Back in 1961, the Nobel Prize–successful physicist Eugene Wigner outlined a thought experiment that demonstrated one of many lesser-known paradoxes of quantum mechanics. The experiment exhibits how the unusual nature of the universe permits two observers—say, Wigner and Wigner’s good friend—to expertise totally different realities.
Since then, physicists have used the “Wigner’s Friend” thought experiment to discover the character of measurement and to argue over whether or not objective information can exist. That’s necessary as a result of scientists perform experiments to ascertain objective information. But in the event that they expertise totally different realities, the argument goes, how can they agree on what these information may be?
That’s offered some entertaining fodder for after-dinner dialog, however Wigner’s thought experiment has by no means been greater than that—only a thought experiment.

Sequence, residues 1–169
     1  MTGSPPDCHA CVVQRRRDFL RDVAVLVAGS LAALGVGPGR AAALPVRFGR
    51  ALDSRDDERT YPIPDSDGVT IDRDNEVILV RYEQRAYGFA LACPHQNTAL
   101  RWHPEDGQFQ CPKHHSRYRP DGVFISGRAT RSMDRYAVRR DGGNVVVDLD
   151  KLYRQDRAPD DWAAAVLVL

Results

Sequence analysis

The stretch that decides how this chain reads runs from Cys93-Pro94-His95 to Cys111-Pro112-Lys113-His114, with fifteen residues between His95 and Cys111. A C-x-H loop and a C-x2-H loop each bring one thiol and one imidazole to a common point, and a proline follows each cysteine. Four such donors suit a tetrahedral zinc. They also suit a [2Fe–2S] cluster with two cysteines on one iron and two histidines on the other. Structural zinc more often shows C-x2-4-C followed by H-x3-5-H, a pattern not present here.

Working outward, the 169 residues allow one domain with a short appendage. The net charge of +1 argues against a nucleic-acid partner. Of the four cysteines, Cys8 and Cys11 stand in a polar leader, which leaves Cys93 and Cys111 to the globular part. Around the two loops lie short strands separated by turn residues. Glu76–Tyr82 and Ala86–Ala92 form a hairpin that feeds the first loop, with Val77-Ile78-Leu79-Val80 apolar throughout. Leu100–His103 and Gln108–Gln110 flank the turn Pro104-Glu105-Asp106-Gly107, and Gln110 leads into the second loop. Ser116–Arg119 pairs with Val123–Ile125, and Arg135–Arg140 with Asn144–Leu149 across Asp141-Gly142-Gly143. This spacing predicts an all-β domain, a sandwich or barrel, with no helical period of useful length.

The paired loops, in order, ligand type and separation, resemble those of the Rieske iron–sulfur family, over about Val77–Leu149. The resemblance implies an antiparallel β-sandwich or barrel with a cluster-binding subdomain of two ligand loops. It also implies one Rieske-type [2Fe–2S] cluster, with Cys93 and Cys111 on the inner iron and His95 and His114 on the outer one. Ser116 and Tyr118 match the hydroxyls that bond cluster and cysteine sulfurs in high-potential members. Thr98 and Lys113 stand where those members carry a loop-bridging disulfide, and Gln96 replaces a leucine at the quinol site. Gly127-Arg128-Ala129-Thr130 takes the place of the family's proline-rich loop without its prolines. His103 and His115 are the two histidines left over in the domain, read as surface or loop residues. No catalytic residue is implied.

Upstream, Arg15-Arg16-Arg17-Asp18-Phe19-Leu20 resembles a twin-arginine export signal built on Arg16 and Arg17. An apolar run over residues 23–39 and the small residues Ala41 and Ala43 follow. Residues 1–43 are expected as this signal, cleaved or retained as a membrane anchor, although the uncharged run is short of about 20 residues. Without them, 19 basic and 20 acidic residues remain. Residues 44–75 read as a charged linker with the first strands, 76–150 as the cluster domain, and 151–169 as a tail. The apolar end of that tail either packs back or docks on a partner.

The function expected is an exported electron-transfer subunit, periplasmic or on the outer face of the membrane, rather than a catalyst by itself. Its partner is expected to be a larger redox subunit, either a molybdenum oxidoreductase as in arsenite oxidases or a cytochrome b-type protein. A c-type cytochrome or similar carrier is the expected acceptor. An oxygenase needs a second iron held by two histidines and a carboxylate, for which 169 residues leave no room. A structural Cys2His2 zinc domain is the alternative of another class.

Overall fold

Last yr, nonetheless, physicists observed that latest advances in quantum applied sciences have made it doable to breed the Wigner’s Friend check in an actual experiment. In different phrases, it should be doable to create totally different realities and examine them within the lab to discover out whether or not they are often reconciled.
Wigner’s authentic thought experiment is simple in precept. It begins with a single polarized photon that, when measured, can have both a horizontal polarization or a vertical polarization. But earlier than the measurement, in line with the legal guidelines of quantum mechanics, the photon exists in each polarization states on the identical time—a so-called superposition.
Wigner imagined a good friend in a special lab measuring the state of this photon and storing the consequence, whereas Wigner noticed from afar. Wigner has no details about his good friend’s measurement and so is compelled to imagine that the photon and the measurement of it are in a superposition of all doable outcomes of the experiment.